It’s time to step up, MTA

Enough already.

Queens straphangers who ride the erratic No. 7 train are saying in no uncertain terms that they can’t take it anymore. The severe winter put riders through a tough obstacle course: delayed trains, skipped stops, suspension of service and overcrowded platforms.

Disruptions have been commonplace on the transit lifeline of northern Queens for the past several years since the MTA launched a $550 million program to update the signal system, replace tracks and repair East River tunnel damage from Sandy. But frequent service outages, particularly during rush hour and weekends, have tested riders’ patience.

Frustrated No. 7 riders are organizing and beginning to speak in one loud voice.

Sunnyside activists have created a blog and Facebook site called 7 Train Blues, which has drawn hundreds of followers eager to share their opinions and bad experiences.

Back in March business owners joined angry riders and community leaders at a rally under the 40th Street station to say the economy in western Queens had been hurt by the poor service.

And the Riders Alliance, a transit advocacy group, collected what it called “subway horror stories” at Queensboro Plaza in an effort to persuade Albany to fund the MTA’s $32 billion capital budget plan to fix the ailing system. No. 7 complaints took top billing.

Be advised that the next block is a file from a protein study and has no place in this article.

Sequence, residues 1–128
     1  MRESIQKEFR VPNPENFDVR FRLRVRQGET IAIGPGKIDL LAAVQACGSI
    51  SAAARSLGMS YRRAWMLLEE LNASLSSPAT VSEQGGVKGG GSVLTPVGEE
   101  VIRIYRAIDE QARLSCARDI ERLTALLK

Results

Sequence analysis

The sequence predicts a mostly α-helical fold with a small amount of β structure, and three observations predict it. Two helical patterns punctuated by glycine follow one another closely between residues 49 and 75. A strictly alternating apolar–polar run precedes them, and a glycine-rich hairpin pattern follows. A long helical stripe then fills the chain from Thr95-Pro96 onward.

Everyone agrees the massive project must be done to improve 7 service, but the MTA has turned a tin ear to the riding public.

When a Queens councilman asked the MTA to provide Sunday service for the March 1 St. Pat’s Day for All Parade in Sunnyside, an agency spokesman chided him for trying to have it both ways by wanting planned work canceled and then criticizing the poor service.

This was a classic example of tuning out Queens straphangers, who care deeply about their ethnic holiday events. The MTA should start listening to its No. 7 riders as the first step toward restoring customer relations.

The 7 Train Blues blog is asking the MTA to hold town hall meetings. Translation: Riders want more information about repair work and service problems, which is not unreasonable.

The MTA should set up a No. 7 line page for riders on its MTA.com website and send agency reps out to the bigger stations, such as Woodside, to talk to straphangers when major disruptions occur.

The beleaguered riders have paid their dues (in higher fares) and deserve some goodwill.

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